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Global Database of Shared Prosperity


What is the Global Database of Shared Prosperity?
  • The most recent figures on annualized consumption or income growth of the bottom 40 per cent and related indicators for 90 countries circa 2012-2017
  • A response to a rising demand for cross-country comparable data on shared prosperity
  • A means to a richer and more contextual analysis of shared prosperity at the country level

The World Bank Group’s goal of promoting shared prosperity has been defined as fostering income growth of the bottom 40 per cent of the welfare distribution in every country, and is measured by annualized growth in average real per capita consumption or income of the bottom 40 per cent. At the outset, other details for constructing this indicator were left for countries to decide, resulting in a lack of comparability between countries if they chose different time-periods or databases when making their estimates.

In response to the rising demand for cross-country comparisons, the World Bank Group established a process for measuring shared prosperity in an internationally comparable way, addressing issues such as the choice of time period and the selection of databases for computing the indicator in order to produce numbers that would be relatively comparable across countries. 

As a result of these efforts, the World Bank Group has developed the Global Database of Shared Prosperity—a collection of comparable shared prosperity data from 90 countries circa 2012-2017 (available in .pdf and .xlsx). 

Methodology and Usage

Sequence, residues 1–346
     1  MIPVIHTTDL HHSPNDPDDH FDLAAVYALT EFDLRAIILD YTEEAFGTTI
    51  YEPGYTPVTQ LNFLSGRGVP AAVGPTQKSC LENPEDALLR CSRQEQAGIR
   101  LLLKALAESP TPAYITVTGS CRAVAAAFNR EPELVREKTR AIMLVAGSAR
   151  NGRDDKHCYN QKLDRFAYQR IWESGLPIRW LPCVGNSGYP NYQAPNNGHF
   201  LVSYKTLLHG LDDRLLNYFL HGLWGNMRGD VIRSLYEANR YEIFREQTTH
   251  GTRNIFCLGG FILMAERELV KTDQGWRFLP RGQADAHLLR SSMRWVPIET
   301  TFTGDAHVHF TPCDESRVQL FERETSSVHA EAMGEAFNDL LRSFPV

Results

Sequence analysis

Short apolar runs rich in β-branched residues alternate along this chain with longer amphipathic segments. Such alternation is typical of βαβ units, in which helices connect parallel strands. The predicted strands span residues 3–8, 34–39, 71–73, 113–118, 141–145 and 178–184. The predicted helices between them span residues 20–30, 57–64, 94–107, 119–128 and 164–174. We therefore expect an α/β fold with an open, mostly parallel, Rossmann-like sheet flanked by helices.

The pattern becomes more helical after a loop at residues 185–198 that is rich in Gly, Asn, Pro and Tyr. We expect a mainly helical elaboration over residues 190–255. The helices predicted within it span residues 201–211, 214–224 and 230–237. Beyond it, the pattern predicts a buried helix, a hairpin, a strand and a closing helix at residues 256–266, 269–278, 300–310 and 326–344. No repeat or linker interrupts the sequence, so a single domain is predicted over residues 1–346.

The Global Database of Shared Prosperity (GDSP) includes the most recent figures on annualized consumption or income growth of the bottom 40 per cent and related indicators for 91 countries, which are roughly comparable in terms of time period and interval. All numbers were vetted by an internal Technical Working Group, using the methodology described here

Survey years are selected with the aim (i) to match the time periods as closely as possible across all countries, while including the most recent data; and (ii) to ensure the widest possible coverage of countries, across regions and income levels. While we recommend that this database be used for cross-country comparisons and benchmarking, colleagues should feel free to make their own decisions on the choice of surveys/years for computations of shared prosperity when cross-country comparison is not a consideration.

When looking at a particular country's context, it is also important to consider a wider range of indicators that relate to shared prosperity, going beyond the World Bank indicator of consumption or income growth of the bottom 40 per cent, for a richer and more contextual analysis.

The Team

The Global Database on Shared Prosperity, circa 2007 - 2012 was created by the Global Poverty Working Group (GPWG), an interdisciplinary technical working group established to improve the quality and frequency of poverty and inequality data, comprising members from the Poverty and Equity Global Practice and the Development Economics Vice Presidency (DEC) Research Group and Data Group. 


Database and Methodology:

Nobuo Yoshida, Lead Economist at nyoshida@worldbank.org
Minh Cong Nguyen, Economist at mnguyen3@worldbank.org and
Jose Montes, Data Scientist at jmontes@worldbank.org

Media inquiries:

Elizabeth Howton, Communications Lead at ehowton@worldbankgroup.org

A look at Shared Prosperity and Inequality of Opportunity